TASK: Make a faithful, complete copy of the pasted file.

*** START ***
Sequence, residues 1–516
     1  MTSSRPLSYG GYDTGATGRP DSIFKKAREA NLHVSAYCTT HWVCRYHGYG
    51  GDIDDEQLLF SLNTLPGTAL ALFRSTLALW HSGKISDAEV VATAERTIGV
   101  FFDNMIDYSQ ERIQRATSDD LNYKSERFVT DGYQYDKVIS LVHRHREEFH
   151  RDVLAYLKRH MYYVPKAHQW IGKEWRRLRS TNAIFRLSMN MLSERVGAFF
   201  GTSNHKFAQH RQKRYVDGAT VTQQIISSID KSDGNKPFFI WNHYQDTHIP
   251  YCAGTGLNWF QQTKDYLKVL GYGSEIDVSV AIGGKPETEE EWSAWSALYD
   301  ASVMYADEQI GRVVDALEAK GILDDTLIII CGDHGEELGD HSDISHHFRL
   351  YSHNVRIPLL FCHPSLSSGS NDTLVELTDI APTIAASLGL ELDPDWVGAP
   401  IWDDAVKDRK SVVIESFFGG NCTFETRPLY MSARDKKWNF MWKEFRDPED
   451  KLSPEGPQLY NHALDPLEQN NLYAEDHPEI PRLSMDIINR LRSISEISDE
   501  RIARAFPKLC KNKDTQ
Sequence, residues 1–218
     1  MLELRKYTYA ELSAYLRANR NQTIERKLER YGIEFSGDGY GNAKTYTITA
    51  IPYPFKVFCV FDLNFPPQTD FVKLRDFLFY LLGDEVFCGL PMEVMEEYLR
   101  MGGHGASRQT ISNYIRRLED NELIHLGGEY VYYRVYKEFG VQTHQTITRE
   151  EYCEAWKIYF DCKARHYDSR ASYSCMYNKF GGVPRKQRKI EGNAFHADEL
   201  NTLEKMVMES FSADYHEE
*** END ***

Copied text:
Sequence, residues 1–516
     1  MTSSRPLSYG GYDTGATGRP DSIFKKAREA NLHVSAYCTT HWVCRYHGYG
    51  GDIDDEQLLF SLNTLPGTAL ALFRSTLALW HSGKISDAEV VATAERTIGV
   101  FFDNMIDYSQ ERIQRATSDD LNYKSERFVT DGYQYDKVIS LVHRHREEFH
   151  RDVLAYLKRH MYYVPKAHQW IGKEWRRLRS TNAIFRLSMN MLSERVGAFF
   201  GTSNHKFAQH RQKRYVDGAT VTQQIISSID KSDGNKPFFI WNHYQDTHIP
   251  YCAGTGLNWF QQTKDYLKVL GYGSEIDVSV AIGGKPETEE EWSAWSALYD
   301  ASVMYADEQI GRVVDALEAK GILDDTLIII CGDHGEELGD HSDISHHFRL
   351  YSHNVRIPLL FCHPSLSSGS NDTLVELTDI APTIAASLGL ELDPDWVGAP
   401  IWDDAVKDRK SVVIESFFGG NCTFETRPLY MSARDKKWNF MWKEFRDPED
   451  KLSPEGPQLY NHALDPLEQN NLYAEDHPEI PRLSMDIINR LRSISEISDE
   501  RIARAFPKLC KNKDTQ
Sequence, residues 1–218
     1  MLELRKYTYA ELSAYLRANR NQTIERKLER YGIEFSGDGY GNAKTYTITA
    51  IPYPFKVFCV FDLNFPPQTD FVKLRDFLFY LLGDEVFCGL PMEVMEEYLR
   101  MGGHGASRQT ISNYIRRLED NELIHLGGEY VYYRVYKEFG VQTHQTITRE
   151  EYCEAWKIYF DCKARHYDSR ASYSCMYNKF GGVPRKQRKI EGNAFHADEL
   201  NTLEKMVMES FSADYHEE